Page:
In re Galardi (Ch 11 Case No. 22-50035, Adv. Case No. 22-05008)

Defendant moved to disqualify Plaintiff’s counsel (Geer) because one of its attorneys (Christy) had allegedly learned confidential information about Defendant while Christy was working as a contract attorney for Defendant’s counsel (McBryan).  While working for McBryan, Christy worked on the Chapter 11 bankruptcy cases of four corporations of which Defendant was sole owner and CEO.  After Christy stopped receiving work from McBryan, McBryan filed an individual Chapter 11 case for Defendant.  Christy never worked on Defendant’s bankruptcy case.  Defendant’s brother then filed an adversary proceeding asserting that Defendant’s debt arising from her actions as trustee of her brother’s trust are non-dischargeable under 11 U.S.C. § 523(a)(2)(A), (a)(4) and (a)(6).  Geer is counsel for the brother and Christy is a contract attorney at Geer.  

Whether Christy learned confidential information about Defendant while working at the McBryan firm on the corporations’ bankruptcy cases was hotly disputed.  The Court applied Rules 1.6(a), 1.7(a), 1.9(a) and 1.13(a) of the Georgia Rules of Professional Conduct and determined that Geer and Christy should not be disqualified.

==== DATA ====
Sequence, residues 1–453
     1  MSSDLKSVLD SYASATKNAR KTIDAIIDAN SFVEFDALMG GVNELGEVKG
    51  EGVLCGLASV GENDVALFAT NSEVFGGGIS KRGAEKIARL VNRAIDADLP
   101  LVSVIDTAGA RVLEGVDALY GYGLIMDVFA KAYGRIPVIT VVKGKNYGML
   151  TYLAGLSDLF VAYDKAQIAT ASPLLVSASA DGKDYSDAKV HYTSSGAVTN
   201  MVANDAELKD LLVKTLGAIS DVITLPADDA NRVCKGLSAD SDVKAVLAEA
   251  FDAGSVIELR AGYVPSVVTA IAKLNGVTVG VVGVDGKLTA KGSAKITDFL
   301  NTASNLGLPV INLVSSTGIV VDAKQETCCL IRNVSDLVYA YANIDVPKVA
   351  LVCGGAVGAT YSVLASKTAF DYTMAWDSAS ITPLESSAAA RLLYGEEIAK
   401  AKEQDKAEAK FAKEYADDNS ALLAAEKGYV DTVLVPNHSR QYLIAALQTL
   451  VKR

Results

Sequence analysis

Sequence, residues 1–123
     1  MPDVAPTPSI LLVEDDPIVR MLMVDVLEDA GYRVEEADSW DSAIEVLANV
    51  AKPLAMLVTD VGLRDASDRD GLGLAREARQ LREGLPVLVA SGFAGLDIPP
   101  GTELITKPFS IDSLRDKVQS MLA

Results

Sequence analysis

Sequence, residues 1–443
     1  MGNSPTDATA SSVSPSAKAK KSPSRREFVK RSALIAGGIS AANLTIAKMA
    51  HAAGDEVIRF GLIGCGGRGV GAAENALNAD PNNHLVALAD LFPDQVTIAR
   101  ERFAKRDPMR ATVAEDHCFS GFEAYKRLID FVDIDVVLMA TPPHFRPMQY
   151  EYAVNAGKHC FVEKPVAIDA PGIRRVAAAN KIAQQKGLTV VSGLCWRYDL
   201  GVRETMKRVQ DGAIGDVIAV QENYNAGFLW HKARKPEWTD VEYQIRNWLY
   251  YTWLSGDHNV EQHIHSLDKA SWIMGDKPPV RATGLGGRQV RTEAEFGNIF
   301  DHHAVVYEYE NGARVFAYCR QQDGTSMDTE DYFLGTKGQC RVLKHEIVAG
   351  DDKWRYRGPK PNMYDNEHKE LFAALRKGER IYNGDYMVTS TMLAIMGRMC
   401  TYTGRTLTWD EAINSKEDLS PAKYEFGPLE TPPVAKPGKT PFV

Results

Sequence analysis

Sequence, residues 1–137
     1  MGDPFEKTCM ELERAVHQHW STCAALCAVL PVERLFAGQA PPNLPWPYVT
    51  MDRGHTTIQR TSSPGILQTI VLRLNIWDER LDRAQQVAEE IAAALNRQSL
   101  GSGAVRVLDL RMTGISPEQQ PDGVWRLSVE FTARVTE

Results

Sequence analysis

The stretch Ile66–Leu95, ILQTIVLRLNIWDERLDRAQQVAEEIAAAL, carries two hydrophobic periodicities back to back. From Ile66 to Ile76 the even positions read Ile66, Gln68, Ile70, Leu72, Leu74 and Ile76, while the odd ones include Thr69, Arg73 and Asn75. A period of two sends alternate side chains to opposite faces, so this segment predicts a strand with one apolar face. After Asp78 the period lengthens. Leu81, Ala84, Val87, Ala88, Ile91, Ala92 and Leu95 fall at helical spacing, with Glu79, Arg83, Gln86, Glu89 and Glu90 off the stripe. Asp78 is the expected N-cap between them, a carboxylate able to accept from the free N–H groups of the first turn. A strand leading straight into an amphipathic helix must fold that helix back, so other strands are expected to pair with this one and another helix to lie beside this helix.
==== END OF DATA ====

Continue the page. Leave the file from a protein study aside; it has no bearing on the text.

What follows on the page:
When Christy worked for McBryan, McBryan represented the Chapter 11 corporations and not Defendant, individually, who was represented by separate counsel.  Any confidential information Christy learned while representing the corporations belonged to the corporations, not to Defendant.  Furthermore, this adversary proceeding is not “substantially related” to the corporations’ bankruptcy cases.  This adversary proceeding concerns decisions Defendant made in 2014 regarding her brother’s trust, which are not related to Defendant’s financial condition in 2019.  Also, Defendant’s financial information is now public knowledge, having been disclosed in her bankruptcy schedules.

Monday, August 8, 2022